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Private college consulting: running fast, going nowhere


Every morning, I wake up worried about my future. More specifically, I’m worried about the fact that one single college application will be deciding it. This fear is especially amplified by the perception that everyone around me has a private college consultant.

This trend is not only existent within SIS, but consulting has become the norm globally; almost all students receive some form of high-end guidance, often starting the process years in their freshman year. Consequently, consulting has become Alice in Wonderland’s Red Queen: it is no longer a way to get ahead, but simply a necessity in order to not lag far behind their peers. 

However, this is a common misconception; private college consulting does not provide any apparent advantages for students but rather puts them at risk.

“Consulting has risen in popularity here, especially over the last 10 years,” Kelcey Edwards, SIS college counsellor, said. “Many families seem to hire consultants out of fear–a perception that they will be at a disadvantage in the admission process without one–which is heartbreaking. Consultants seem to follow a formulaic checklist, direct students to apply to a limited set of schools, falsely inflate expectations, and often spread misinformation.”

Going to any college is a tough task, especially prestigious universities that require students to stand out in order to be admitted. Especially in SIS, notorious for its hyper-competitive curriculums and grading, the school environment feels more like a conveyor belt to college rather than a standalone learning environment; it almost feels that there is little meaning in learning or having meaningful experiences if they can’t be turned into a college essay. With such high pressure for students to perform at the top, it is no wonder that college consulting has risen as a tool for students to prepare for college admissions. 

Although “consulting” technically only refers to the action of providing insight and guidance, it is a well-known fact that many consultants embrace unethical means to create resumes for their clients. Some are notorious for fabricating extracurricular activities for students, whether it is through hosting their own competitions or helping students win prestigious awards—for a fee, of course. Since almost all students have their own private consultants, simply being outstanding is no longer enough; even the brightest students are now feeling pressured to partake in these underhand practices. If they do not, they feel that they will be disadvantaged compared to their peers.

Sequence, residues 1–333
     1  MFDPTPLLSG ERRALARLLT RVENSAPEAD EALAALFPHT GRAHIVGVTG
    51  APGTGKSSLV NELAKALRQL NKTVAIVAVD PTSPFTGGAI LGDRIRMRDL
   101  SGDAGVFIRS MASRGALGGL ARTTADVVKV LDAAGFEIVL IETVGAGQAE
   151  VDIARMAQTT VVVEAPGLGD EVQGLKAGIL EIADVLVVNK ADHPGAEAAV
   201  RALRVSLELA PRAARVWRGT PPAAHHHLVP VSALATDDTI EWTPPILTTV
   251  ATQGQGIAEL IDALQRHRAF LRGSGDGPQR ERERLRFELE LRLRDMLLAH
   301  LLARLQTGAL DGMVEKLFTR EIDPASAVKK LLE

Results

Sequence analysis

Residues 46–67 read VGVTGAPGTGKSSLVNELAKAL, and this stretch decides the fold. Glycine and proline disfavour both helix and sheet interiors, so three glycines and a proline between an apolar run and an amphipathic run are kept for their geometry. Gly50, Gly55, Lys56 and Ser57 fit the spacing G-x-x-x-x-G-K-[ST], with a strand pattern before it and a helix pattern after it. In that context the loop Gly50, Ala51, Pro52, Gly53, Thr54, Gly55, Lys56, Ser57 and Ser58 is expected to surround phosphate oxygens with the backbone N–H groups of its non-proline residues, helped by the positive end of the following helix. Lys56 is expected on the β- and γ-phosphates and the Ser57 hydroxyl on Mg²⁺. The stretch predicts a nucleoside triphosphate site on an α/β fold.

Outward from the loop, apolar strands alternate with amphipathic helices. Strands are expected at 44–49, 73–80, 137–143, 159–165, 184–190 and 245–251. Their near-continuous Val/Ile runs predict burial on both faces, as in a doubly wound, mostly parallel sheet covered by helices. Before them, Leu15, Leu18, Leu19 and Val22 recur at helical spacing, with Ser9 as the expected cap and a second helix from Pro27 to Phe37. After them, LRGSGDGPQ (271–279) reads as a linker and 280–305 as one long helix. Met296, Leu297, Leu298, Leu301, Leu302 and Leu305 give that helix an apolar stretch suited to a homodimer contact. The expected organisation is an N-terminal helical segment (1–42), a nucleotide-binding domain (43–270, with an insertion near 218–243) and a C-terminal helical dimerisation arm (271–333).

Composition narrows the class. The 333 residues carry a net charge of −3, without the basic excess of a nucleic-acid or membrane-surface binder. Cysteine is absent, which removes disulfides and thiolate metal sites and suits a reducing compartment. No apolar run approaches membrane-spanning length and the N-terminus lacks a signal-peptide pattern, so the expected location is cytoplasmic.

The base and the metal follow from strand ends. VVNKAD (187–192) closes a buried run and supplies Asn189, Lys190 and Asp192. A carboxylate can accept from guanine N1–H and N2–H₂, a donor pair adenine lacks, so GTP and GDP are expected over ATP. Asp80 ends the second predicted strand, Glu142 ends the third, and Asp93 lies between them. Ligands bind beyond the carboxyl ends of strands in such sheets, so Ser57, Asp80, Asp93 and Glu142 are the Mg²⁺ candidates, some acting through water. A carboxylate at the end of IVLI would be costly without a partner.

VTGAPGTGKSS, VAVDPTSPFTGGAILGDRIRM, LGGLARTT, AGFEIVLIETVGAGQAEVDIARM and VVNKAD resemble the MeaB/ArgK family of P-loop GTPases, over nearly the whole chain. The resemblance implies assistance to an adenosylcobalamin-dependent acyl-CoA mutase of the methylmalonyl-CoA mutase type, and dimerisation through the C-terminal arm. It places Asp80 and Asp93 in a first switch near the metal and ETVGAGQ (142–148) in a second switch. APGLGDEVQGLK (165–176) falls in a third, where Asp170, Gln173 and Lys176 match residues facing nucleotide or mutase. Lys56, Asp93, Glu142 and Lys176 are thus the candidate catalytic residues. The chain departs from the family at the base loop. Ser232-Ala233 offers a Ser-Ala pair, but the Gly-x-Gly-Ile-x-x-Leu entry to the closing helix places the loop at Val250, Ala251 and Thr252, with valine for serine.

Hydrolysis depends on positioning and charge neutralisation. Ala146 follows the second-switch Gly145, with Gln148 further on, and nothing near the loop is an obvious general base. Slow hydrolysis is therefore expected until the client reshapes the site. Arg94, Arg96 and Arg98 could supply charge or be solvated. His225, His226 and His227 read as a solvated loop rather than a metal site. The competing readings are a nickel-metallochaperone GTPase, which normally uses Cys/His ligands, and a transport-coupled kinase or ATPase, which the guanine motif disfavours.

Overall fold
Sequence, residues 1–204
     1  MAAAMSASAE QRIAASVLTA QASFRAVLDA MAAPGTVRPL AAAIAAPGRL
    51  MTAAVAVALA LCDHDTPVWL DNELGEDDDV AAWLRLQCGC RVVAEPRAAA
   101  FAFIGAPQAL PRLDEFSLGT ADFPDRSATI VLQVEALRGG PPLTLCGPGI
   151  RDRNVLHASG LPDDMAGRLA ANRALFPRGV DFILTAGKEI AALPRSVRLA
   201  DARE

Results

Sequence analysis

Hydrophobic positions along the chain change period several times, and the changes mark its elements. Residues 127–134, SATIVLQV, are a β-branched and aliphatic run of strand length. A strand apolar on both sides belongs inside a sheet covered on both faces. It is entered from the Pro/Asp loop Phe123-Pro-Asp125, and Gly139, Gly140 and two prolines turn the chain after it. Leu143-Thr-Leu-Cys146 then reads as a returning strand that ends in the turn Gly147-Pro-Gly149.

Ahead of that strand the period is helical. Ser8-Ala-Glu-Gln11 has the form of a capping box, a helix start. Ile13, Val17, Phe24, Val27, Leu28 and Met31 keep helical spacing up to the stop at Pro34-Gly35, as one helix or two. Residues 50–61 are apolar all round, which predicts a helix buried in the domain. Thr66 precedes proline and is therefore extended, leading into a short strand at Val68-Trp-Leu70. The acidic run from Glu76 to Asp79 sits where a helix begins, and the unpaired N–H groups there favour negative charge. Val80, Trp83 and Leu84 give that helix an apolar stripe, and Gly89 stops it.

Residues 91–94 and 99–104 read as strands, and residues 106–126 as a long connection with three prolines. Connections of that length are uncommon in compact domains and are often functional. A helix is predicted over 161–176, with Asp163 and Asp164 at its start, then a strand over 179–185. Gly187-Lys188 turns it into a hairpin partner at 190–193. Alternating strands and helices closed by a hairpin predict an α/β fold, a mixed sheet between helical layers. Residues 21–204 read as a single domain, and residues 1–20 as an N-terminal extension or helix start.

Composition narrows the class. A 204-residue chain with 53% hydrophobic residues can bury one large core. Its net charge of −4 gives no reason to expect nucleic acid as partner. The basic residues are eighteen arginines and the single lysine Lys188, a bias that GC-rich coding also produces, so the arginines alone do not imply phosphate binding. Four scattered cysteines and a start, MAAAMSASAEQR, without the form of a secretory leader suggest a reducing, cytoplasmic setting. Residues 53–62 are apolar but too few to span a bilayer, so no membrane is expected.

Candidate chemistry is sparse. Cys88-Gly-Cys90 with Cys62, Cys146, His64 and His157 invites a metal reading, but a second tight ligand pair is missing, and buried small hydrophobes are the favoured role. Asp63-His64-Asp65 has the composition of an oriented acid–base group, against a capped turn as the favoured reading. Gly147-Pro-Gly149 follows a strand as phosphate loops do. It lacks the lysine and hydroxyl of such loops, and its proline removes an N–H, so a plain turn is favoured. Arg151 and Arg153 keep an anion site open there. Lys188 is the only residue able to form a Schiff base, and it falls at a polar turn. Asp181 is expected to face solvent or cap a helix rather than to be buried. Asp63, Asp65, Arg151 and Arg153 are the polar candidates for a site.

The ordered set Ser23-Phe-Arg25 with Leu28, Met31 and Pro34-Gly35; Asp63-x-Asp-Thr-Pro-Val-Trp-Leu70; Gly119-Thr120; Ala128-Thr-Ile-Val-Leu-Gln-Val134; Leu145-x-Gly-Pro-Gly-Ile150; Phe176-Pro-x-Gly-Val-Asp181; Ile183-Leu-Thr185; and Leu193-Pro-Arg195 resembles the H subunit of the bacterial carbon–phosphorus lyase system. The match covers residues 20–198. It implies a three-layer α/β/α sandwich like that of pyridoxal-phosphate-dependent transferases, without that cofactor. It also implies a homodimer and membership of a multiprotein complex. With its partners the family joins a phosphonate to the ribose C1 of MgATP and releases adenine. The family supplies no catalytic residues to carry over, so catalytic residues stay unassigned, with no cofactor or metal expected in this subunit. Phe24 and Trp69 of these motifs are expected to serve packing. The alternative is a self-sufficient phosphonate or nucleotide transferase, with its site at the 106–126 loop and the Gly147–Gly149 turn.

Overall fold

“Does it sound like a 45-year-old man or a 17-year-old student? You can often sense the difference in style,” Kelcey Edwards said. “Colleges have more than enough qualified applicants; they are not going to spin their wheels to authenticate if a resume or essay seems suspect. They will simply deny and move on to the next application. Why would you work so hard for so long, and then put it at risk by crossing an ethical line?”

Beyond the issue of fairness, consulting comes with another major consequence: the financial burden. In the US, parents might save up money to pay for their children’s college tuition; Korean parents start saving money for an even longer time to pay for consultation fees. Consulting firms charge ridiculously high prices, which have skyrocketed recently due to a surge in popularity. With elite services starting at around 30,000 USD, parents are forced to shoulder the burden – not getting consulting is no longer an option. 

However, despite its astronomically high costs, the benefits of consulting are not guaranteed; although many consultants advertise their success in sending students to Ivy League schools, those cases are few out of possibly hundreds of “failed” clients. Also, due to the elusive nature of the consulting industry, the claims that consultants make regarding their careers can not be guaranteed. For example, many private college consultants submit the same college essays for multiple of their clients.

“I do not believe consultants give students an edge,” Ms. Edwards said. “If their formulaic checklist worked, why doesn’t the student get into every school they apply to?  Why don’t all of their clients get into all of ‘those’ schools?”

Colleges have promised to make the admissions process as fair as possible, having historically prioritized marginalized groups through scholarships. However, elite consulting is upsetting that entire principle by providing advantages to the richest students that are out of reach for low-income families. In that sense, it is undoing colleges’ efforts to make the system fairer.

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About the Contributor
Waan Choi, Reporter
Waan is a junior reporter for the Tiger Times Online team. He mainly enjoys writing articles about sports and Korean news. He loves watching the Premier League, listening to music, and playing soccer. 

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